The Friday to Sunday Munich security conference is best summed up by two conflicts, solution to which reaches beyond the destiny of Ukraine and far across EU/NATO borders.
To grasp the background, consider the recent warnings by French President Francois Hollande and former NATO secretary-general Anders Fogh Rasmussen. The former thinks failure of peace talks equals a military conflict. The latter says Russia is ready to test NATO collective defence. In either case, the issue is no longer Ukraine alone.
Regarding Munich, two conflicts were thrown up. Firstly: have diplomatic solutions on Ukrainian crisis been exhausted, with nothing left to do but support Kiev with arms? And secondly: the utter amazement in the eyes of participators following address by Russian foreign minister Sergei Lavrov – how can one conference hall hold two worlds so vastly different?
The world leaders were eager to hear news from German chancellor Angela Merkel, fresh from talks in Moscow. The tidings were not too glad. In her speech, Ms Merkel underlined the need to find diplomatic solutions. Added arms equal added deaths; not prudent to go armed against Russia in Ukraine; international community needs to seek a smarter solution. The reaction to question posed to Ms Merkel post-speech by Estonia’s President Mr Ilves is best summed up by a tweet by Valasek, Slovak ambassador to NATO: «Dead silence in the room when Ilves asks A. Merkel how far will Russia go if not stopped.» The elephant in the room could no longer be ignored.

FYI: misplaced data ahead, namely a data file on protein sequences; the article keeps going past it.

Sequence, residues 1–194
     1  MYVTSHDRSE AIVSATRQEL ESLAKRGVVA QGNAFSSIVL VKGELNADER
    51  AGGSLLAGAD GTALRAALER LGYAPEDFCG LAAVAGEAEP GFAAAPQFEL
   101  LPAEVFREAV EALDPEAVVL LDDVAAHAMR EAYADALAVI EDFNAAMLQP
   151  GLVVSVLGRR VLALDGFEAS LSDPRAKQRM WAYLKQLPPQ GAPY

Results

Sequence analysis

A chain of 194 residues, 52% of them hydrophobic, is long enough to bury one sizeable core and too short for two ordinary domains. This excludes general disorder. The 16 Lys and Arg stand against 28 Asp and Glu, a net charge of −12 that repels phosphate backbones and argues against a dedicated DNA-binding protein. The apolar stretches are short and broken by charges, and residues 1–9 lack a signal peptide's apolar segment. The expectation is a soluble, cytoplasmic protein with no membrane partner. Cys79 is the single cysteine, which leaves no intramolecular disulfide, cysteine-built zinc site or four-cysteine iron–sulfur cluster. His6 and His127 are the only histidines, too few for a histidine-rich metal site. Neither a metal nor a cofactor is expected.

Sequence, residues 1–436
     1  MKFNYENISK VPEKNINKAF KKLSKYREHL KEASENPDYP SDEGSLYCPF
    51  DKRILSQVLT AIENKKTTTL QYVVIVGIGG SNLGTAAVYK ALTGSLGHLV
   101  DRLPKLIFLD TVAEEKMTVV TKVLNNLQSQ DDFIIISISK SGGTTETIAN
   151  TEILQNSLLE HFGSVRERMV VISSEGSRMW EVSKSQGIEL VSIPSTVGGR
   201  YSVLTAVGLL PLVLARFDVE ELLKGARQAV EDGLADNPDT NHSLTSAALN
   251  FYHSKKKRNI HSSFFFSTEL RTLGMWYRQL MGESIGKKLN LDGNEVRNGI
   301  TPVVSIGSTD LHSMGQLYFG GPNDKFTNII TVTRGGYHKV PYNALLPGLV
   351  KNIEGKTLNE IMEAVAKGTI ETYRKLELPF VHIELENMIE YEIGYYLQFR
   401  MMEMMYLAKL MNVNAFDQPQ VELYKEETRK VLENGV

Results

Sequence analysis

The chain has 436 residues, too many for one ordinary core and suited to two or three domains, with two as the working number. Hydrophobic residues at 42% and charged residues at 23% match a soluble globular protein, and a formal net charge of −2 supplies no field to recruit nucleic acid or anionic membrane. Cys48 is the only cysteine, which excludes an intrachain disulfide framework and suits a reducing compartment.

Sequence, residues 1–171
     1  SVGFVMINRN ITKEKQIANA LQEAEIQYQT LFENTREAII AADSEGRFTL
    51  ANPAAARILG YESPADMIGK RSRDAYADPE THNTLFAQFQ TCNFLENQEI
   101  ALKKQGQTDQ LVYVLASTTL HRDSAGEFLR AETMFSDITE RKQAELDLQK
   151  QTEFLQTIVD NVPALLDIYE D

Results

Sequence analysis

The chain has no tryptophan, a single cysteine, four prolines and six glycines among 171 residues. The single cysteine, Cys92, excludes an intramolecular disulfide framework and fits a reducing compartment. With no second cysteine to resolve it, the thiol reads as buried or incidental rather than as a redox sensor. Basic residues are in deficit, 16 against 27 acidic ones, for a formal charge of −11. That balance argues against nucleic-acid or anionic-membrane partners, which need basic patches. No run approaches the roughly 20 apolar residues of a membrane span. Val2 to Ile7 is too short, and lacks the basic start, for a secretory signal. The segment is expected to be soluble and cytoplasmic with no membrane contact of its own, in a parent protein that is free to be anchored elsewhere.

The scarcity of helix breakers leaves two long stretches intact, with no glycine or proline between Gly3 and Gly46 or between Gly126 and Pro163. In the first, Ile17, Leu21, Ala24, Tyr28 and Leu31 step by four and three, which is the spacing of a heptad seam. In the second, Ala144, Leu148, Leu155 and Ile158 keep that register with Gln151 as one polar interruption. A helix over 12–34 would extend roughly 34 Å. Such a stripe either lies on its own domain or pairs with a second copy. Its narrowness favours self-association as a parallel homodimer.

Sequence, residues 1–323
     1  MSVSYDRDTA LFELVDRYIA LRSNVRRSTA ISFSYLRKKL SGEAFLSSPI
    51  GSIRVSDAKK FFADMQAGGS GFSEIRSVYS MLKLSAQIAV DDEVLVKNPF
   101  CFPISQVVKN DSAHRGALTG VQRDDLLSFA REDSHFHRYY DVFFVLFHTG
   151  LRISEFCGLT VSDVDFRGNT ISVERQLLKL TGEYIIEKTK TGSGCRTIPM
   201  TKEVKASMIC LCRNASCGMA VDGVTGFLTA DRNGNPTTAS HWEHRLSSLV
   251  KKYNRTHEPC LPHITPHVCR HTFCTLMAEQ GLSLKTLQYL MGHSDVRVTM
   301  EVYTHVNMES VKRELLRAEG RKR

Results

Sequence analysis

One may understand the position of Ms Merkel while the issue remains: what is she hoping for, diplomatically speaking, with nothing serious in it regarding Russia? No-one wants war, but to avoid it determent is needed – such as is taken seriously. With no undesired consequence in the air to spur parties towards seeking diplomatic solutions, a peaceful outcome may remain rather elusive.
Even so, Ms Merkel is trying remarkably hard. Still, the Moscow visit right after talking to Ukrainian President Petro Poroshenko in Kiev yielded nothing but an agreement to keep talking. Yesterday, over the phone they fixed a meeting in Minsk, on Wednesday.
Meanwhile, talks are only an option when the goals of parties at least partially harmonise, and both desire a solution. Hearing the reality-evasive speech by Russia’s Mr Lavrov in Munich, doubting that is justified. At least to a degree, international diplomacy is based on honesty – a fundamental principle challenged by Mr Lavrov’s address.
Wolfgang Ischinger, presiding over the Munich conference, called the Minsk talks a ray of hope of sorts... The moderate optimism was not shared by all those present.